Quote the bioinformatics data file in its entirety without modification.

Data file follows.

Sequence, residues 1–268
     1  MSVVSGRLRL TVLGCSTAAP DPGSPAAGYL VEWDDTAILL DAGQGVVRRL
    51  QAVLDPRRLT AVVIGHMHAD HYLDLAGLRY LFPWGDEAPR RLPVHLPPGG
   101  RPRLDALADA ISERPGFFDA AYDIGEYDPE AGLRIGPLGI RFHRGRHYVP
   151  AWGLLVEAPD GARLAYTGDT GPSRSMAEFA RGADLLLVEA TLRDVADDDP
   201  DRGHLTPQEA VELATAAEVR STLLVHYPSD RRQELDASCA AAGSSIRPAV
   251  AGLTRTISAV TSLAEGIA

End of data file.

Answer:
Sequence, residues 1–268
     1  MSVVSGRLRL TVLGCSTAAP DPGSPAAGYL VEWDDTAILL DAGQGVVRRL
    51  QAVLDPRRLT AVVIGHMHAD HYLDLAGLRY LFPWGDEAPR RLPVHLPPGG
   101  RPRLDALADA ISERPGFFDA AYDIGEYDPE AGLRIGPLGI RFHRGRHYVP
   151  AWGLLVEAPD GARLAYTGDT GPSRSMAEFA RGADLLLVEA TLRDVADDDP
   201  DRGHLTPQEA VELATAAEVR STLLVHYPSD RRQELDASCA AAGSSIRPAV
   251  AGLTRTISAV TSLAEGIA